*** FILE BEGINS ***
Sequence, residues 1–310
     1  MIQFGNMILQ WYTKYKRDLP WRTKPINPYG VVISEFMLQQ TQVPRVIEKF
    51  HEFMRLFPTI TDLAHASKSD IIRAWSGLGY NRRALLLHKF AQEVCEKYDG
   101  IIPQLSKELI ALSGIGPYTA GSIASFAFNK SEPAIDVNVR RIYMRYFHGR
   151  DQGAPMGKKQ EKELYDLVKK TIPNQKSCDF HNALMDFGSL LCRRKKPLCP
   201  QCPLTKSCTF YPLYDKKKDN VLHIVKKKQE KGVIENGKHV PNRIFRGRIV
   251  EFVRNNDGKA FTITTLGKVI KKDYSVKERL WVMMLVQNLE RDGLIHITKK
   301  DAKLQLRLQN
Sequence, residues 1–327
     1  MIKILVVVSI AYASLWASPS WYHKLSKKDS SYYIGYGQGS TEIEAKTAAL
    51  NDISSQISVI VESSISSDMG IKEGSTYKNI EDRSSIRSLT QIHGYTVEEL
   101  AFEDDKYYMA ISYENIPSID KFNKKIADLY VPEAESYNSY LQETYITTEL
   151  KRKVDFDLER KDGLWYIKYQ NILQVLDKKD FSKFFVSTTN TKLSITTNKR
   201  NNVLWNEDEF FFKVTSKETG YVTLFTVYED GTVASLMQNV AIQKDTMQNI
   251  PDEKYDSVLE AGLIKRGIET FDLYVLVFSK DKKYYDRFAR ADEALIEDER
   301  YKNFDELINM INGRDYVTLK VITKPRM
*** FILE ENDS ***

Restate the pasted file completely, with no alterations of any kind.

Sequence, residues 1–310
     1  MIQFGNMILQ WYTKYKRDLP WRTKPINPYG VVISEFMLQQ TQVPRVIEKF
    51  HEFMRLFPTI TDLAHASKSD IIRAWSGLGY NRRALLLHKF AQEVCEKYDG
   101  IIPQLSKELI ALSGIGPYTA GSIASFAFNK SEPAIDVNVR RIYMRYFHGR
   151  DQGAPMGKKQ EKELYDLVKK TIPNQKSCDF HNALMDFGSL LCRRKKPLCP
   201  QCPLTKSCTF YPLYDKKKDN VLHIVKKKQE KGVIENGKHV PNRIFRGRIV
   251  EFVRNNDGKA FTITTLGKVI KKDYSVKERL WVMMLVQNLE RDGLIHITKK
   301  DAKLQLRLQN
Sequence, residues 1–327
     1  MIKILVVVSI AYASLWASPS WYHKLSKKDS SYYIGYGQGS TEIEAKTAAL
    51  NDISSQISVI VESSISSDMG IKEGSTYKNI EDRSSIRSLT QIHGYTVEEL
   101  AFEDDKYYMA ISYENIPSID KFNKKIADLY VPEAESYNSY LQETYITTEL
   151  KRKVDFDLER KDGLWYIKYQ NILQVLDKKD FSKFFVSTTN TKLSITTNKR
   201  NNVLWNEDEF FFKVTSKETG YVTLFTVYED GTVASLMQNV AIQKDTMQNI
   251  PDEKYDSVLE AGLIKRGIET FDLYVLVFSK DKKYYDRFAR ADEALIEDER
   301  YKNFDELINM INGRDYVTLK VITKPRM